Former ESPN personality, current Breitbart talk show host and Donald Trump supporter, and potential future U.S. Senate candidate Curt Schilling is entering his fifth year on the Baseball Writers’ Association of America Hall of Fame ballot, but his comments this election season may harm his chances of getting in. In particular, Schilling’s apparent Twitter praise of a pro-Trump t-shirt suggesting lynching journalists seems to have turned some BBWAA voters off his candidacy:
(Update: Schilling deleted the tweet, but here is a screengrab.)
The BBWAA’s lists of public ballots show Heyman voted for Schilling in 2016, 2015, and 2014 (there’s no record of his ballot for 2013), so this isn’t someone who was already against Schilling’s candidacy. This also led to a further Heyman-Schilling fight:
Update: Other BBWAA voters also tweeted about Schilling yesterday, as collected by Ryan Thibodaux on Twitter. Some weighed in on each of the sides:
Plenty of non-voter observers also suggested this particular anti-journalist reference may hurt Schilling’s HOF case:
It’s worth debating if this should really impact Schilling’s Hall of Fame chances, though. Yes, the Hall of Fame says “voting shall be based upon the player’s record, playing ability, integrity, sportsmanship, character, and contributions to the team(s) on which the player played,” and yes, an argument could be made that tweets like this from Schilling (or, say, his business failures or other terrible comments) suggest Schilling’s “integrity” (something he loves to yell at others about) or “character” may not be of the highest quality. However, as Joe Posnanski eloquently argued last year, trying to bring character into the equation is often problematic:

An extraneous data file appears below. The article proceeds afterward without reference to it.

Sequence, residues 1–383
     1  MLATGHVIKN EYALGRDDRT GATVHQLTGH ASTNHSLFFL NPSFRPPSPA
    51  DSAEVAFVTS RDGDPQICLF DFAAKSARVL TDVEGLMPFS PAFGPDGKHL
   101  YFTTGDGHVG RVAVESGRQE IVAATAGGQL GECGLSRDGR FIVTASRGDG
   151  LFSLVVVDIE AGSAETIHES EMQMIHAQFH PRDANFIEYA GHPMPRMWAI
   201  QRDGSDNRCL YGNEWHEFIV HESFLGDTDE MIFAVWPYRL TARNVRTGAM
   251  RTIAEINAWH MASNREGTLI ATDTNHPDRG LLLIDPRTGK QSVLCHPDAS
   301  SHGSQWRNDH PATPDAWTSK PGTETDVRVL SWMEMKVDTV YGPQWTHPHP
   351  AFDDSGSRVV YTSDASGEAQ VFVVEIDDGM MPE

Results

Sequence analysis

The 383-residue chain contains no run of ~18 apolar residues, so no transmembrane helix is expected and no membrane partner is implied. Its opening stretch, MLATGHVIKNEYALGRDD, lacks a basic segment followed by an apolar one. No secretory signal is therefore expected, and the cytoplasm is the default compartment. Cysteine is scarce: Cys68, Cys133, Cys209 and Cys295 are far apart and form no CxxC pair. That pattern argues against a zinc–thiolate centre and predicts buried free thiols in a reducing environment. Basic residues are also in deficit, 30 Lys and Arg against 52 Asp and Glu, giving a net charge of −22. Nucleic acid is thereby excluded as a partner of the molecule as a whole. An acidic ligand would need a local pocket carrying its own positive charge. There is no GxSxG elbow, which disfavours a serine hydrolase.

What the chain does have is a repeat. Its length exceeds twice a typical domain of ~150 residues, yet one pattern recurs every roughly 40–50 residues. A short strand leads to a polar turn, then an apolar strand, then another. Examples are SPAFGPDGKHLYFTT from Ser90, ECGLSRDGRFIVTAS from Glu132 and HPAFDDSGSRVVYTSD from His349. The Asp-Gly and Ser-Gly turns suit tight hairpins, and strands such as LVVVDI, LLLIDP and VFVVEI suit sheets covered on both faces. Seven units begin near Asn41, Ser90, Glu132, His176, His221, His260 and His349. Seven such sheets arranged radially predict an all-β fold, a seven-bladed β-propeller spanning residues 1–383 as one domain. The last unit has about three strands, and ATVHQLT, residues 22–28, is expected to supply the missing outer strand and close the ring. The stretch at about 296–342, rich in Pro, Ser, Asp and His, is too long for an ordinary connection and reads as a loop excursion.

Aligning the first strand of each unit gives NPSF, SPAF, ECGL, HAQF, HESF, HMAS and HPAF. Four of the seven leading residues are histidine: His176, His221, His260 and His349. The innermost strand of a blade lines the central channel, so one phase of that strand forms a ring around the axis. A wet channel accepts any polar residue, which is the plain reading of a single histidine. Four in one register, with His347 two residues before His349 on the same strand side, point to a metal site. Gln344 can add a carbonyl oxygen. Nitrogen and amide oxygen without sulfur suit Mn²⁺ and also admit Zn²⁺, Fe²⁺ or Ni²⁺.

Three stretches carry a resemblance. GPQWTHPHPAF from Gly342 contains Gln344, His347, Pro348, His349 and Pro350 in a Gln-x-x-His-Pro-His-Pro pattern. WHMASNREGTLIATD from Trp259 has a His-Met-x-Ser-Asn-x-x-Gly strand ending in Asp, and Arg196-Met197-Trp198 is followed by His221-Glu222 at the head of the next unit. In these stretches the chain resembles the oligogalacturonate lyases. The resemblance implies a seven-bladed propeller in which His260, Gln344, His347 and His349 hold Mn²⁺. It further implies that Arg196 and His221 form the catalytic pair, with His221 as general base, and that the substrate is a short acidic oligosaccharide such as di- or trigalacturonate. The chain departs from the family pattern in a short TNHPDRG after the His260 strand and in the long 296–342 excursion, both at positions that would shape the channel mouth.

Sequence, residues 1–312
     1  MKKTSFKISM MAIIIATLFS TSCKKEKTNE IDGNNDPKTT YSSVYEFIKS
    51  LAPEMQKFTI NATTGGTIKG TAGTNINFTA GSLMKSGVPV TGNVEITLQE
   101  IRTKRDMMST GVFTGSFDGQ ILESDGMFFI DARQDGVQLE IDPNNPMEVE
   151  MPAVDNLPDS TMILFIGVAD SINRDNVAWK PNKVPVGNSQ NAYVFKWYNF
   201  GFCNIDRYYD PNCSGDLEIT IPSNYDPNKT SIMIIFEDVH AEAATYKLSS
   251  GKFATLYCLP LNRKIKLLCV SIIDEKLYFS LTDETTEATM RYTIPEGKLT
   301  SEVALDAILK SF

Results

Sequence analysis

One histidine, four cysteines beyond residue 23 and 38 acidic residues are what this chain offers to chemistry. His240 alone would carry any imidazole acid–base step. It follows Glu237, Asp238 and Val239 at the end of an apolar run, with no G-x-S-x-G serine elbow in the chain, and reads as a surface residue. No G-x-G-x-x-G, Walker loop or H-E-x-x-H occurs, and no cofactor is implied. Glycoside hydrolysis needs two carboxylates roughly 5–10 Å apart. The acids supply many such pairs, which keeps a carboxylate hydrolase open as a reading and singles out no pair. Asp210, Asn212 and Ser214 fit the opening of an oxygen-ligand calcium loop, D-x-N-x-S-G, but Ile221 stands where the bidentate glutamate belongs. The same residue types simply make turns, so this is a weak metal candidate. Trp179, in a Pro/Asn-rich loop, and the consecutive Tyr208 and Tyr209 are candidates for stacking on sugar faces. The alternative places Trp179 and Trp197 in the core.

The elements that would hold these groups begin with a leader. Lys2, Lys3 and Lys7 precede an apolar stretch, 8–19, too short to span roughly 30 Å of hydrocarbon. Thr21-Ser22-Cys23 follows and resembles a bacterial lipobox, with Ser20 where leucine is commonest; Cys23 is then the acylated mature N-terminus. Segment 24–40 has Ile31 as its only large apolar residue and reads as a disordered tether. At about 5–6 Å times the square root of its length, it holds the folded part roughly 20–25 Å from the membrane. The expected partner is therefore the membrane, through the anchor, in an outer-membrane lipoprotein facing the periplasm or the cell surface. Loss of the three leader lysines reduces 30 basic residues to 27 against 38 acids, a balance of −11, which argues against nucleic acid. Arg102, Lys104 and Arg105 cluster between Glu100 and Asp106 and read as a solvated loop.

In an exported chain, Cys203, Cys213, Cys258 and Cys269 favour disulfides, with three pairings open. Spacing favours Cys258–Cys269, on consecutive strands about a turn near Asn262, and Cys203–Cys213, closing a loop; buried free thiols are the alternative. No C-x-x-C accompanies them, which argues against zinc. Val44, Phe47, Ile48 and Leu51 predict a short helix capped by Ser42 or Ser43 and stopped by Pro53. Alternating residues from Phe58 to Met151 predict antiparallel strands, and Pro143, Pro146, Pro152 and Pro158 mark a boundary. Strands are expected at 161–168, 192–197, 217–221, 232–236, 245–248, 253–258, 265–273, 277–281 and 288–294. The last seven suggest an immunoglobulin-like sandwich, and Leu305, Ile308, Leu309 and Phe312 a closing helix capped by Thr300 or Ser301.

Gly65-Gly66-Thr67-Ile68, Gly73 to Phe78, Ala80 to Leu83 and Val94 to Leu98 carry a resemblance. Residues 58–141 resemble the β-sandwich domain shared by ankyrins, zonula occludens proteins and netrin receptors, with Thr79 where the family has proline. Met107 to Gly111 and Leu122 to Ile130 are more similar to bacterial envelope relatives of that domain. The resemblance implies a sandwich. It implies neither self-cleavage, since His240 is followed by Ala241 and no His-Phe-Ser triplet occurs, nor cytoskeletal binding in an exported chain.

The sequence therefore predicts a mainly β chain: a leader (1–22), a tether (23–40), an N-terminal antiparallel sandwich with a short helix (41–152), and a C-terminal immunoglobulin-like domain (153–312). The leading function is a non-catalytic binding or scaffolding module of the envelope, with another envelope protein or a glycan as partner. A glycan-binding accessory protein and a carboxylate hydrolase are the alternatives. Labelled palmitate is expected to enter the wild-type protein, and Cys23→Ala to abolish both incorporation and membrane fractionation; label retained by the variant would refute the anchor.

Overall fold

And integrity? Character? Sportsmanship? Are you kidding me? Ty Cobb was essentially the first man elected — there’s a paragon of sportsmanship. The Hall of Fame has someone who hit an umpire, one who spit at an umpire, another who threw a wad of tobacco juice at an umpire and several who petulantly kicked dirt on umpires while screaming the foulest obscenities. There are players who used illegal bats, who scuffed and spat on baseballs, who stole signs, who took performance-enhancing drugs (including steroids and monkey testicles), who gambled, who gave less than their best, who went into the crowd after fans, who threw baseballs at opponents’ heads and who refused to sign players who were black. The collection of people in the National Baseball Hall of Fame is no less flawed, no more sanctified, than the collection of players in the Pro Football Hall of Fame or the Naismith Memorial Basketball Hall of Fame or the Hockey Hall of Fame. It’s just that the National Baseball Hall of Fame talks a lot more about character.
So, there’s a good argument to be made that voters should consider Schilling based on his career, not his post-career activities. Some, like Heyman and some of the others listed above, may well change their mind based on these comments or other things Schilling’s done this year, though, and that could be problematic for him. Schilling was only named on 230 ballots last year (52.3 per cent), and he needs to get over 75 per cent to get in. That was an improvement over the 39.2 per cent he posted in 2015, but he still has a long way to go. While Schilling’s attacks on journalists (and lame defenses involving “it’s funny“, “it’s sarcasm” and “What about Benghazi?”) may not hurt him with everyone, there’s certainly a chance they’ll take some votes away from him.